Comparing fourth-year dental student productivity and experiences in a dental school with community-based clinical education

J Dent Educ. 2007 Aug;71(8):1020-6.

Abstract

Reports and articles by the Institute of Medicine, the American Dental Education Association (ADEA) Commission on Change and Innovation in Dental Education (CCI), and the Macy Foundation have examined the challenges confronting dental education and reached the conclusion that U.S. dental education is on the brink of major change. A recent "case for change" article by the CCI makes the argument that dental education, as currently structured, is quickly becoming obsolete, overpriced, and lacking in its ability to provide the education that future practitioners will need. The Ohio State University College of Dentistry (OSUCOD) began a major reorganization of its clinical education program upon receipt of a Robert Wood Johnson Foundation-sponsored Pipeline, Profession, and Practice grant. In our fourth year of the five-year grant program, known as the OHIO Project (Oral Health Improvement through Outreach), our fourth-year dental students approached the sixty-day target of time spent in community-based clinical education. The purpose of this report is to describe the productivity of students and the characteristics of the patient pool they care for in community-based sites as compared to our school-based clinics during that final year. This report reflects the activity of 102 students in the graduating class of 2006. Attendance (clinic utilization) was estimated to be 94 percent at OSUCOD and 99 percent at OHIO Project sites. In the aggregate, the OHIO Project-based students treated a total of 11,808 unique patients and completed 26,882 procedures in the community during their 41.9-day community experience. This translates into 116 unduplicated patients and 264 procedures per student in the community-based sites for the period studied. In comparison, the same students treated 19,344 unique patients and completed 28,680 procedures during ninety-three clinic days at the school. Each student treated 190 patients and completed 281 procedures. Fourth-year dental students completed as many procedures and generated similar revenue-equivalents in community sites as they did in a dental school clinic in half the time.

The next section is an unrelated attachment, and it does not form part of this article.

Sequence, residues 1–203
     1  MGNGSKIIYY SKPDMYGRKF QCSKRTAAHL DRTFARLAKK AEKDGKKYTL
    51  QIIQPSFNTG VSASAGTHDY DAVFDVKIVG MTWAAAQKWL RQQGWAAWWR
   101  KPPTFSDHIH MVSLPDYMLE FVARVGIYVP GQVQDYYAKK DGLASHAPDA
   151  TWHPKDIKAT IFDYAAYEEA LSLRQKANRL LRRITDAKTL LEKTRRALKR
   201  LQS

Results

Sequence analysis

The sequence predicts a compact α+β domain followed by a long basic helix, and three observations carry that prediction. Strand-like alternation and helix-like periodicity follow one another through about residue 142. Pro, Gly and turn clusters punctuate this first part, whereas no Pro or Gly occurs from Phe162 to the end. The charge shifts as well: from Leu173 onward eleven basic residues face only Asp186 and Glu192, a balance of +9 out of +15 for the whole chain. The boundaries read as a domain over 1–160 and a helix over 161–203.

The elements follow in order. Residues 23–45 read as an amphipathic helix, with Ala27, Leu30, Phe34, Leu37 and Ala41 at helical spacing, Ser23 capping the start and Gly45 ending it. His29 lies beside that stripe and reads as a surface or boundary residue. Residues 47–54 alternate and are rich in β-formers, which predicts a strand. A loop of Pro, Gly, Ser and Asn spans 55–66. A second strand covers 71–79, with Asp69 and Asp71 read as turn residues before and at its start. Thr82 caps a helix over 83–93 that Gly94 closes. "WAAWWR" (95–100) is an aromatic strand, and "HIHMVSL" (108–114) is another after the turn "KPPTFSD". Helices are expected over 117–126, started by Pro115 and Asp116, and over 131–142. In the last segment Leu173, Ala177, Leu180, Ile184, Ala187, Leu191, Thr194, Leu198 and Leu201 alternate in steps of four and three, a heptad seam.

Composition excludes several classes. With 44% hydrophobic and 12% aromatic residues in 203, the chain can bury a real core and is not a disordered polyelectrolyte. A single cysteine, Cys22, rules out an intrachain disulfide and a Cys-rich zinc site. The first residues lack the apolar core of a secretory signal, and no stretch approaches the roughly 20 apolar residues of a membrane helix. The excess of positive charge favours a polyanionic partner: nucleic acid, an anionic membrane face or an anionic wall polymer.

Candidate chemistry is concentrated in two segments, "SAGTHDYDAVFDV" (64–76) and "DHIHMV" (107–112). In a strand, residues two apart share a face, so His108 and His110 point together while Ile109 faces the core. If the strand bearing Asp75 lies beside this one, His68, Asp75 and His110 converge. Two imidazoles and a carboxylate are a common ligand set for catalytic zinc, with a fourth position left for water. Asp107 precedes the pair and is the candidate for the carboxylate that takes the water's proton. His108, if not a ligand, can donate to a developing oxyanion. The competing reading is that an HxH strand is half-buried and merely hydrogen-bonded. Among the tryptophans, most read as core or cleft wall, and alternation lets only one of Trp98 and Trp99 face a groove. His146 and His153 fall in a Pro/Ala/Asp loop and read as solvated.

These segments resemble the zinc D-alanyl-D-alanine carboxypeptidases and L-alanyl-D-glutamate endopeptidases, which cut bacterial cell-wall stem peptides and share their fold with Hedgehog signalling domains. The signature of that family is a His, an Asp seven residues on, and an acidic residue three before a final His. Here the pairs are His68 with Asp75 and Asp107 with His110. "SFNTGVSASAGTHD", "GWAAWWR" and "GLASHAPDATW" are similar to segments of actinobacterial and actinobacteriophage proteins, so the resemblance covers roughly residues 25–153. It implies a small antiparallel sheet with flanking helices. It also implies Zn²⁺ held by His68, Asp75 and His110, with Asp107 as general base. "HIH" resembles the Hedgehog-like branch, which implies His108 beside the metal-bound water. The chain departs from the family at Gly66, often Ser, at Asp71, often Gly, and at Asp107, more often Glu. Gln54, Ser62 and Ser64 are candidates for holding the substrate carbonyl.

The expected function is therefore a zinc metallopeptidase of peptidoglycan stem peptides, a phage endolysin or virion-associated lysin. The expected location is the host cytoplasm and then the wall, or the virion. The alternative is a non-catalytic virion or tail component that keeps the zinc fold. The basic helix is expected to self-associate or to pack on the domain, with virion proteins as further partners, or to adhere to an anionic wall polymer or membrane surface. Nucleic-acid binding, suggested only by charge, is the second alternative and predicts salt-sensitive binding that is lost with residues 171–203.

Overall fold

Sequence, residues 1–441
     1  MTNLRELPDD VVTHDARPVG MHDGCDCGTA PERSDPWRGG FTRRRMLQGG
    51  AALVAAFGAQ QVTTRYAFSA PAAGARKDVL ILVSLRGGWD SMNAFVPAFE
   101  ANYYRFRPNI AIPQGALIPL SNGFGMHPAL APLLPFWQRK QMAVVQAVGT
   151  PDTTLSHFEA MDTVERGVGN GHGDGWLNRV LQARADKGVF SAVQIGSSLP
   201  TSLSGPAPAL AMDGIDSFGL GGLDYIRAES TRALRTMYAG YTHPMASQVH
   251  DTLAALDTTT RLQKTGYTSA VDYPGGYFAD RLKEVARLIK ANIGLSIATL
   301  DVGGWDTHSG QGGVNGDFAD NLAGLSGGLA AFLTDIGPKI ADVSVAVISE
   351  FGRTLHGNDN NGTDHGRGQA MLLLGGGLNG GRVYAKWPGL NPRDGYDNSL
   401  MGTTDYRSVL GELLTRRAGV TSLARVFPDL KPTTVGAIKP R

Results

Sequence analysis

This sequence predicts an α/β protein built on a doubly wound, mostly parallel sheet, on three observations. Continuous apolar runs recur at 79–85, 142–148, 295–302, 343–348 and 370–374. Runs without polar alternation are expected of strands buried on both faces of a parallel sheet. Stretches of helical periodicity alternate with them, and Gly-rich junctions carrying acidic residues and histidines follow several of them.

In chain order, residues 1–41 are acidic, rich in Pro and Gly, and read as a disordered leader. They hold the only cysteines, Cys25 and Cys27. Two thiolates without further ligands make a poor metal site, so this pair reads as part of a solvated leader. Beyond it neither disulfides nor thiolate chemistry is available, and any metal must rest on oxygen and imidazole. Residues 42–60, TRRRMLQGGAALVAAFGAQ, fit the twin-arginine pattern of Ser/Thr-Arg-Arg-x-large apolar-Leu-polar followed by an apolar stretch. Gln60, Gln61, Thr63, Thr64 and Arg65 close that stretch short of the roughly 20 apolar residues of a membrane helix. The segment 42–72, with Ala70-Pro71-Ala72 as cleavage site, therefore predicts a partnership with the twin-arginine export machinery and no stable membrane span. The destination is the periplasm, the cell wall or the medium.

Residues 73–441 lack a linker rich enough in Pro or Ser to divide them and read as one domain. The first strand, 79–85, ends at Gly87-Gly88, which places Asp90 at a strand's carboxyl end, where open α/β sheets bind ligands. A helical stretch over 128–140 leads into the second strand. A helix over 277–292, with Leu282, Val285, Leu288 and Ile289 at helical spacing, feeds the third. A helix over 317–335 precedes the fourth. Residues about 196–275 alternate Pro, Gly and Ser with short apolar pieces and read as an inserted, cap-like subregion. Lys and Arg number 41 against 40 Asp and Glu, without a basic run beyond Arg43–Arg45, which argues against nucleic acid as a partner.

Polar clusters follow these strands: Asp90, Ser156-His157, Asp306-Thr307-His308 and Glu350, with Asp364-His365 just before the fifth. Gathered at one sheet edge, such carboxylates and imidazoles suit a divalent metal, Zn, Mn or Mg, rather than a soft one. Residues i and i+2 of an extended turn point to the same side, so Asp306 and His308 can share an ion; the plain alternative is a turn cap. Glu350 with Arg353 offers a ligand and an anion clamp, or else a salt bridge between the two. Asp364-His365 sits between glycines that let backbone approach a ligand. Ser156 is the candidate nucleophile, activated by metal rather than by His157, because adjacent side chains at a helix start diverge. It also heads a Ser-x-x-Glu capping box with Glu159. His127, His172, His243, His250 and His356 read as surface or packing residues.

Publication types

  • Comparative Study
  • Evaluation Study
  • Multicenter Study

MeSH terms

  • Adult
  • Attitude of Health Personnel
  • Clinical Competence*
  • Community Dentistry / education*
  • Dental Clinics*
  • Education, Dental / methods*
  • Education, Dental / standards
  • Educational Measurement
  • Efficiency
  • Female
  • Humans
  • Male
  • Medically Underserved Area
  • Models, Educational
  • Ohio
  • Preceptorship*
  • Program Evaluation
  • Students, Dental / psychology*